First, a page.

Other forecasts are a bit more optimistic, but all expect some slowdown in growth.

And the 2016 surplus is on track to top a percentage point of German GDP. In nominal terms, the surplus should exceed last years’s €30 billion surplus. Germany is clearly not fiscally constrained.

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Imbalances Are Back, In Asia and Globally

by Brad Setser

The Economist, inspired in part by a recent paper by Caballero, Farhi and Gourinchas, highlighted two key points in its free exchange column criticizing Germany’s surplus:

a) Global imbalances have reemerged over the last few years (though this is more obvious from summing the surpluses of surplus countries than from summing the deficits of deficit countries): “… a sustained era of balanced growth failed to emerge [after the global crisis]. Instead, surpluses in China and Japan rebounded. In recent years Europe has followed, thanks to a big switch from borrowing to saving.”
b) Those imbalances are a big reason why interest rates globally are low: “Once a few economies become stuck in the zero-rate trap, their current-account surpluses exert a pull which threatens to drag in everyone else.”

I have only one small quibble. The rise in Asia’s surplus didn’t just come immediately after the crisis. There was also a significant rise in Asia’s surplus from 2013 to 2015.

Indeed, in 2015, East Asia’s combined surplus actually significantly exceeded that of Europe, adding to the world’s difficulty generating enough demand growth even with ultra-low rates.*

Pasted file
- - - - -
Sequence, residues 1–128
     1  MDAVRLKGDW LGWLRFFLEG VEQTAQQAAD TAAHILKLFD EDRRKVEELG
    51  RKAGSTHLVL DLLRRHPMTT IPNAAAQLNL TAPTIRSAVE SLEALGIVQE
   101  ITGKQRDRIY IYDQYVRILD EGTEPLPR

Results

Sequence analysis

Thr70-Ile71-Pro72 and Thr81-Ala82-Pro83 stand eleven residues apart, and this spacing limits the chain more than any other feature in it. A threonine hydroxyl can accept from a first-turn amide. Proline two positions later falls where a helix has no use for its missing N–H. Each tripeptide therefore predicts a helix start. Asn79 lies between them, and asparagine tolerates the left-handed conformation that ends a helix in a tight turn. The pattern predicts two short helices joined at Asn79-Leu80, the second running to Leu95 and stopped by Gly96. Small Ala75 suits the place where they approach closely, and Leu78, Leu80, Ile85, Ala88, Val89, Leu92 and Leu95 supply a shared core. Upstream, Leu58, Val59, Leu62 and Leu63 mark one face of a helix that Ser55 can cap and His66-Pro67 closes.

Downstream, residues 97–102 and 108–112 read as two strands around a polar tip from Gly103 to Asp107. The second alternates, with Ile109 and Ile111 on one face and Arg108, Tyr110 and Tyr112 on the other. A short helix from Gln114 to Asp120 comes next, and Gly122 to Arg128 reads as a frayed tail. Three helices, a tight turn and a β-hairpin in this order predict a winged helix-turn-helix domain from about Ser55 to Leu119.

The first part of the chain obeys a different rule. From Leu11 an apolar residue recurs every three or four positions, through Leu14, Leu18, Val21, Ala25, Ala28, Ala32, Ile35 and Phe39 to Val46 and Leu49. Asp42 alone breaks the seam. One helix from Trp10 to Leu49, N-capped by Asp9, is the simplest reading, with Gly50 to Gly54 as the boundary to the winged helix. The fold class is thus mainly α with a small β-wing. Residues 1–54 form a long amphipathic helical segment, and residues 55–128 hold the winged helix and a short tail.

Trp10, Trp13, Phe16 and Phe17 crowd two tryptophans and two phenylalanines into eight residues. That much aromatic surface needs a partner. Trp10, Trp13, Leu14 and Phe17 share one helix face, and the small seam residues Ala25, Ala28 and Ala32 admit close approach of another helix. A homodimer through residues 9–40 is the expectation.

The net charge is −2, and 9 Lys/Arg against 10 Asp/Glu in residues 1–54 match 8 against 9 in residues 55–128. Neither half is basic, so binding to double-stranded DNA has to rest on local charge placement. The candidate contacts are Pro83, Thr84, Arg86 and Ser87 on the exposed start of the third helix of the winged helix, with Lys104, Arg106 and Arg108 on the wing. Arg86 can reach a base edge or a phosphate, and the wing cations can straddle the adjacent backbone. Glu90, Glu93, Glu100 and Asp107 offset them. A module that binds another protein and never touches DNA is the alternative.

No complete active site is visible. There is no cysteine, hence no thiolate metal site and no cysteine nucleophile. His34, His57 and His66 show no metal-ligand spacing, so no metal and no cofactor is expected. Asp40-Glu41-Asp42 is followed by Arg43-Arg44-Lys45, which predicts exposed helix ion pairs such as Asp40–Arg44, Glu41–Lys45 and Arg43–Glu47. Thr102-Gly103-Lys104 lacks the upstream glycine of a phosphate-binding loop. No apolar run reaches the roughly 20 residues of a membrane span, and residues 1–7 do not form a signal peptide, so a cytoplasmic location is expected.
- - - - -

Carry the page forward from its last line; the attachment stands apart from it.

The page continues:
CA Europe and Asia

Yes, some of this is oil. But the oil exporters in aggregate aren’t running large external deficits financed by their high saving customers (Russia is in surplus; the Saudis are more an exception than the rule). The IMF puts the aggregate deficit of the main oil exporting regions of the world economy (the Middle East, North Africa, Russia and Central Asia) at $50-100 billion, substantially less than the combined surplus of Europe and Asia. So it isn’t all oil either.

China’s unloved, credit-based stimulus, together with the large reported increase in tourism spending (whether real or fake), looks set to pull China’s surplus down a bit in 2016. But China will retain a surplus of over $200 billion in 2016, and ongoing surpluses in Korea, Taiwan, Singapore and Japan will keep Asia’s aggregate surplus high. I would bet East Asia’s aggregate 2016 surplus will still exceed that of Europe.

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Germany is Running a Fiscal Surplus in 2016 After All

by Brad Setser

It turns out Germany has fiscal space even by German standards!

Germany’s federal government posted a 1.2 percent of GDP fiscal surplus in the first half of 2016. The IMF was forecasting a federal surplus of 0.3 percent (and a general government deficit of 0.1 percent of GDP—see table 2, p. 41); the Germans over-performed.*